Thursday, May 22, 2003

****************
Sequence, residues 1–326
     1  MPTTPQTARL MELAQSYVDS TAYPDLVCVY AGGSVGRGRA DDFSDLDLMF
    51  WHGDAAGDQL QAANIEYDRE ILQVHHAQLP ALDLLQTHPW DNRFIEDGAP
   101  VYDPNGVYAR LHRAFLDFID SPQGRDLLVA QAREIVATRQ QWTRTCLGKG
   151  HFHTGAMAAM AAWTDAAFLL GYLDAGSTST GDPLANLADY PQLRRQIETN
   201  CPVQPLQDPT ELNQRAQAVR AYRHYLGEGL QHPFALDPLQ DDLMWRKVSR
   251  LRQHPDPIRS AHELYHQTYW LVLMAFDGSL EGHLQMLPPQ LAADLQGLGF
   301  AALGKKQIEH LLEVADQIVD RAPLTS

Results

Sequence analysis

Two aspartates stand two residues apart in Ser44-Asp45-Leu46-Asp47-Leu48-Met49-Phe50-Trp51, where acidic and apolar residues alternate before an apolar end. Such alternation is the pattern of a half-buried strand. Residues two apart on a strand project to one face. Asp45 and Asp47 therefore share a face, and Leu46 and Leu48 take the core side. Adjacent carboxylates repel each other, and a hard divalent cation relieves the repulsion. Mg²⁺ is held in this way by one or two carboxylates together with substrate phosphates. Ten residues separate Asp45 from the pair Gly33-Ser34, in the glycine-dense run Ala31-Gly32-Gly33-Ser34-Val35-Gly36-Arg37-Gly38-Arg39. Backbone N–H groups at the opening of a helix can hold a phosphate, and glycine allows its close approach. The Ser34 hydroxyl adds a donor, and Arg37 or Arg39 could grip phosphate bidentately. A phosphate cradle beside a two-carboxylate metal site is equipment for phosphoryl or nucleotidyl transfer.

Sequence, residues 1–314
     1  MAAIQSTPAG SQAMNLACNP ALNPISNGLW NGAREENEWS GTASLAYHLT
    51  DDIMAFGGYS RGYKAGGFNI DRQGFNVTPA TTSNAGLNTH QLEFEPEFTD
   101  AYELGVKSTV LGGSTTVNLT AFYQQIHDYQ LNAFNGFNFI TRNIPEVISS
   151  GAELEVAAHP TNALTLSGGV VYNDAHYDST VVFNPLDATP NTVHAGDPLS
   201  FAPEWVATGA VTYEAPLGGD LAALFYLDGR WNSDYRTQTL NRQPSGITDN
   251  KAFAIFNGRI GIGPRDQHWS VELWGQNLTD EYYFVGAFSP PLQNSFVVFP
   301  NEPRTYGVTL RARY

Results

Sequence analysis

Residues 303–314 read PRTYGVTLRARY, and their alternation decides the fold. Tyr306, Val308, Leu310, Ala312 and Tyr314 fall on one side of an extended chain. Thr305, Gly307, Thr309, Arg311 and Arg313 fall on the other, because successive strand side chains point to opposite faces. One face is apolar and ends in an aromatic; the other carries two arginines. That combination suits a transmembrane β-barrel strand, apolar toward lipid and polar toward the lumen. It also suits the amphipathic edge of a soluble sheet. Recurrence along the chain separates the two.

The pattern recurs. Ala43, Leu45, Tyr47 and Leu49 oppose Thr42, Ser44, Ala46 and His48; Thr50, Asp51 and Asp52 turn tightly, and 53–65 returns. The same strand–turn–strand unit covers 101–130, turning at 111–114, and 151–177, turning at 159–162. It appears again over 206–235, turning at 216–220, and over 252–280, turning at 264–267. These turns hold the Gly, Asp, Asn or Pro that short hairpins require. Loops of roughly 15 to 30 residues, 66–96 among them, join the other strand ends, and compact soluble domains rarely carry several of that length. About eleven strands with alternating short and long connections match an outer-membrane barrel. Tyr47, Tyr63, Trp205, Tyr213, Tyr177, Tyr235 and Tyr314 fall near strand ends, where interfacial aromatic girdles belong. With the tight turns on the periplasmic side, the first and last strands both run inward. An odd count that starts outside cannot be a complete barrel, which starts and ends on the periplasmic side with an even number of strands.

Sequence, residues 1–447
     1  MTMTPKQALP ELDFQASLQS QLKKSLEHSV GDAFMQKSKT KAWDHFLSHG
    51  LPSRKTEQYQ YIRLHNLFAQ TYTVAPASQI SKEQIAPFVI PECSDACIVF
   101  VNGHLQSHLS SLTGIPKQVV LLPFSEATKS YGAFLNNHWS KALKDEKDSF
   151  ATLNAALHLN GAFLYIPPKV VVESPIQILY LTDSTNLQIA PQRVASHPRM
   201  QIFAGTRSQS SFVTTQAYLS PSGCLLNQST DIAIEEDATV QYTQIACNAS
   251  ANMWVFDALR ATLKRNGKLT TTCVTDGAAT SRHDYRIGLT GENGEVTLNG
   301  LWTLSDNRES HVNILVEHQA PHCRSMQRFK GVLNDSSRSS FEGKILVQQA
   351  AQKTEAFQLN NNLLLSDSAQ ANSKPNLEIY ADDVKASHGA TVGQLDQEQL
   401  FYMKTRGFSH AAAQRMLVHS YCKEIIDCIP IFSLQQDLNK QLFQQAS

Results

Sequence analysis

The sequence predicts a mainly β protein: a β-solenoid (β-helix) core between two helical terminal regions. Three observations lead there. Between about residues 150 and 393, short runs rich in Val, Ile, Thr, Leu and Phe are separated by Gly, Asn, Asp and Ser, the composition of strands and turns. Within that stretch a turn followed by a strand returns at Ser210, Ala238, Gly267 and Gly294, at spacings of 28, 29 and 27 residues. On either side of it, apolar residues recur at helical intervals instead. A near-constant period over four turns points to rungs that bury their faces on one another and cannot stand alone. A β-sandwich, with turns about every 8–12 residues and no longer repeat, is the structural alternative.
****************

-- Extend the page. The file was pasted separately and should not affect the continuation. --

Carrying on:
Am I the only student in the country to give at least qualified support to the Government's plans to increase tuition fees for universities? Students are being extremely selfish if they want to keep the current system, or even go back to the old one, for two reasons: Governments will never give enough money to universities ("enough money" meaning market prices), thereby decreasing their standards; and a marketplace in courses can't exist, as there are no market pressures (or at least, market pressures are extremely indirect at best) for new courses or for the scrapping of unpopular ones. Moreover, as shown in a new report (which can be found here) a degree is a very cost-effective investment over one's lifetime. I never ever thought I'd quote Margaret Hodge, the higher education minister (a political hack if ever I saw one) with praise, but she's absolutely right when she says: "The wool has been pulled over peoples eyes for too long. "By asking everyone to pay the same tuition fee regardless of the university they go to we have been implying the benefits of every university are the same. They are not. "By enabling universities to charge differential fees, we are lifting the wool from people's eyes, recognising difference, diversity and the premium that some universities can give you over others. "This is an economic justification for allowing some universities to charge more than others. "If potential students thought and acted rationally, then they would be willing to invest more in universities that offered them a better return on their investment." Praise be, a minister talking sense! More please. Maybe I should start a petition called A good way to show the world not all students are either misguided ideologues or selfish money-suckers, methinks.


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